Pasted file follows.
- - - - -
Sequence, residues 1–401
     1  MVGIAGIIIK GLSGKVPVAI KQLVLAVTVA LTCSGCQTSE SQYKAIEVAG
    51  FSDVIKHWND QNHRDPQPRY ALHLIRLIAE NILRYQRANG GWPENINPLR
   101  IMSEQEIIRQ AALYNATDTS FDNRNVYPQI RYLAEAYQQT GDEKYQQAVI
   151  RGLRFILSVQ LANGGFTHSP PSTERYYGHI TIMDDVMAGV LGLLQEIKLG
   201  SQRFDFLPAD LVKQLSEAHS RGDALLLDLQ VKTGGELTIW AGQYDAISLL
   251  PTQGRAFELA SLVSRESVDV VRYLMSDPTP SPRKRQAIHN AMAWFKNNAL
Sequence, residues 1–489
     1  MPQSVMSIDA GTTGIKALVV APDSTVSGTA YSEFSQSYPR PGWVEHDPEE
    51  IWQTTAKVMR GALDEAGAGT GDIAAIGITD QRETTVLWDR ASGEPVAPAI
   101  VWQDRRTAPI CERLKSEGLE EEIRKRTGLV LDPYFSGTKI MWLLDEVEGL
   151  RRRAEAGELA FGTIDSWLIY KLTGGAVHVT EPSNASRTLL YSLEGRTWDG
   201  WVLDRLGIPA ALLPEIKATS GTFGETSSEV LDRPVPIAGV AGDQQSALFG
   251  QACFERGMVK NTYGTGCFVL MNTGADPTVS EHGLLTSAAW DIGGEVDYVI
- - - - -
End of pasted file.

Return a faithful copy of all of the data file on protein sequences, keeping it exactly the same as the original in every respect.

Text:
Sequence, residues 1–401
     1  MVGIAGIIIK GLSGKVPVAI KQLVLAVTVA LTCSGCQTSE SQYKAIEVAG
    51  FSDVIKHWND QNHRDPQPRY ALHLIRLIAE NILRYQRANG GWPENINPLR
   101  IMSEQEIIRQ AALYNATDTS FDNRNVYPQI RYLAEAYQQT GDEKYQQAVI
   151  RGLRFILSVQ LANGGFTHSP PSTERYYGHI TIMDDVMAGV LGLLQEIKLG
   201  SQRFDFLPAD LVKQLSEAHS RGDALLLDLQ VKTGGELTIW AGQYDAISLL
   251  PTQGRAFELA SLVSRESVDV VRYLMSDPTP SPRKRQAIHN AMAWFKNNAL
Sequence, residues 1–489
     1  MPQSVMSIDA GTTGIKALVV APDSTVSGTA YSEFSQSYPR PGWVEHDPEE
    51  IWQTTAKVMR GALDEAGAGT GDIAAIGITD QRETTVLWDR ASGEPVAPAI
   101  VWQDRRTAPI CERLKSEGLE EEIRKRTGLV LDPYFSGTKI MWLLDEVEGL
   151  RRRAEAGELA FGTIDSWLIY KLTGGAVHVT EPSNASRTLL YSLEGRTWDG
   201  WVLDRLGIPA ALLPEIKATS GTFGETSSEV LDRPVPIAGV AGDQQSALFG
   251  QACFERGMVK NTYGTGCFVL MNTGADPTVS EHGLLTSAAW DIGGEVDYVI